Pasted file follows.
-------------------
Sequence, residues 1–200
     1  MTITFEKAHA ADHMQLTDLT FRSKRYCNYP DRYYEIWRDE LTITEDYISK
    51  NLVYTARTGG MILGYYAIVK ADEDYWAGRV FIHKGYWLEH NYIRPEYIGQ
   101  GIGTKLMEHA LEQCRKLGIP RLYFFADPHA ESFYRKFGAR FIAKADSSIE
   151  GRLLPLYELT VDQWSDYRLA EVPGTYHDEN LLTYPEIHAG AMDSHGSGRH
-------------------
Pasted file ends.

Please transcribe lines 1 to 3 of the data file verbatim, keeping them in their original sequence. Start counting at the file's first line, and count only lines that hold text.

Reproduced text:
Sequence, residues 1–200
     1  MTITFEKAHA ADHMQLTDLT FRSKRYCNYP DRYYEIWRDE LTITEDYISK
    51  NLVYTARTGG MILGYYAIVK ADEDYWAGRV FIHKGYWLEH NYIRPEYIGQ